NEW YORK CITY (WABC) -- Catholic Charities of New York marked Holy Thursday by distributing 1,600 meals to food-insecure New Yorkers impacted by the coronavirus pandemic.
The 400 boxes of food and bags of produce were handed out outside the Betances Community Center in the Bronx.
Each box contained meals for approximately four people, and personal care supplies, household items, and pet supplies were also available.
"What people are going to get is cereal," Social Services director Paola Martinez said. "Rice and pasta, we are also giving. We are giving fresh vegetables. There is also canned food."
Additionally, each box included information about accessing food assistance, social services, and employment opportunities, and as well as information on how to participate in the 2020 census and the importance of doing so to secure funding for their community.
To keep everyone safe, the distribution was hosted outdoors with a staggered pick-up schedule to avoid crowding.
Boxes were also being delivered to senior residents, unable to leave their homes due to the virus.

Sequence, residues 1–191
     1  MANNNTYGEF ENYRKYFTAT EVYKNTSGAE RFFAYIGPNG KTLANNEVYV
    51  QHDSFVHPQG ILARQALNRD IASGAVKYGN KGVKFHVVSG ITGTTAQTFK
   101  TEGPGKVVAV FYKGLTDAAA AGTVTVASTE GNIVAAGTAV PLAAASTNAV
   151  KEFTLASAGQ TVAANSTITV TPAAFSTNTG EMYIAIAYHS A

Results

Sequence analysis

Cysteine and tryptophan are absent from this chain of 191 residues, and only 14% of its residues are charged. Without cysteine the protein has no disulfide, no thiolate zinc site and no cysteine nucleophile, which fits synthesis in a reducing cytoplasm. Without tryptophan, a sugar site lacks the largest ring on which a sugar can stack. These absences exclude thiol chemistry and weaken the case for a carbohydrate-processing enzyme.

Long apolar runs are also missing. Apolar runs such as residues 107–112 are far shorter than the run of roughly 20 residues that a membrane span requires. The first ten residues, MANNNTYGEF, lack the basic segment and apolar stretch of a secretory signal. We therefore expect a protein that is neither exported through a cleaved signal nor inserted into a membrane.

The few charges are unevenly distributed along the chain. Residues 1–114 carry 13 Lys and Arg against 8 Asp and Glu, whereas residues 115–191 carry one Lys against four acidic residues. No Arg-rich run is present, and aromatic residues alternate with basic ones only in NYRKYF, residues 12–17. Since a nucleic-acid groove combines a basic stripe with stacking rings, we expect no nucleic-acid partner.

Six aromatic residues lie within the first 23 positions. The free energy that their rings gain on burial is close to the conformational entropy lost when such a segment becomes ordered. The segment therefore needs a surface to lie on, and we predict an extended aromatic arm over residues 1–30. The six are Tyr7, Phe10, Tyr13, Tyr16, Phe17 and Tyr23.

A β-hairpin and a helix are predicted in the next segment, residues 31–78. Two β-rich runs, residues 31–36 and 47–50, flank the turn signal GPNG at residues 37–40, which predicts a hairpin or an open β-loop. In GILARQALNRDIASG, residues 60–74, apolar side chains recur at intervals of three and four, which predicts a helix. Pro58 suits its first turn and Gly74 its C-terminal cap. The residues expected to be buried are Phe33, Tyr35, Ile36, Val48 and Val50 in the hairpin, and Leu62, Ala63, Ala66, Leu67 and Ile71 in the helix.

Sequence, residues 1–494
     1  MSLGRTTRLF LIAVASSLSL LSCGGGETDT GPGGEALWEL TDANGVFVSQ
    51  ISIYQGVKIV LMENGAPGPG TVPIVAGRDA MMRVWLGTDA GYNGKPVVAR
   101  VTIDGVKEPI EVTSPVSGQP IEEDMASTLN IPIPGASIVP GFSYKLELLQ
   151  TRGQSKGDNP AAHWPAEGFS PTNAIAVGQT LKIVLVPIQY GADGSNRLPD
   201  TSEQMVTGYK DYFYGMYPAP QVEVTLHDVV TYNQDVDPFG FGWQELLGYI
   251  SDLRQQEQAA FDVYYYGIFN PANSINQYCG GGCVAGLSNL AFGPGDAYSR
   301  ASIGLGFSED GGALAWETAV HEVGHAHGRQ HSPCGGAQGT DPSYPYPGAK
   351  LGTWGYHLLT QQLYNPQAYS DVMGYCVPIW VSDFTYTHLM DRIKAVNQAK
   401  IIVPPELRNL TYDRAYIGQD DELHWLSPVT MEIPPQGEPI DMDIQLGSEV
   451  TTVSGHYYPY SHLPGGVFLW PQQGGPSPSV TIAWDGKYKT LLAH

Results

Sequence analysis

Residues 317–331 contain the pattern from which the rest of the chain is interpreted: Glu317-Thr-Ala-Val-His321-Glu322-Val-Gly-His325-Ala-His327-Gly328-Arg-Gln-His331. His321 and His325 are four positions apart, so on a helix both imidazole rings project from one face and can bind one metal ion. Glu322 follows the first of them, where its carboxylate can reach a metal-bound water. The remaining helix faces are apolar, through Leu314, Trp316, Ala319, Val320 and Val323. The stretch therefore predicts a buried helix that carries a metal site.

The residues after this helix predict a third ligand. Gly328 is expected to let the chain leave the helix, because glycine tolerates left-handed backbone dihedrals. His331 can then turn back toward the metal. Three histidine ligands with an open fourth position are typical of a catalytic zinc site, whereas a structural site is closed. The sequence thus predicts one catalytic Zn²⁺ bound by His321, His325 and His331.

"So that they have the food that they need but most important they can stay at home and not put their health at risk," Martinez said.
Catholic Charities Community Services and RDC Development, which is a joint venture between Wavecrest Management and MDG Design + Construction, organized the event.
Father Eric Cruz, Catholic Charities Regional Director, pointed out that during this Holy Week, New York is seeing record unemployment and increased food insecurity because of the COVID-19 crisis.
"We have an obligation to extend services and all types of support, physical, nutritional, emotional, and spiritual to be present," he said. "Residents, they say, need to know that doors are open for them."
Monsignor Kevin Sullivan, Executive Director of Catholic Charities, attended the distribution and spoke about New York's increasing food insecurity in the wake of massive layoffs, how the archdiocese is aiding needy New Yorkers through this crisis, and the importance of charity in this scared time of the year for Christians.
"Our communities of Latinos and African-Americans are hardest hit by this coronavirus," he said.
Organizers said the event would not have been possible without generous donations from Fresh Direct.
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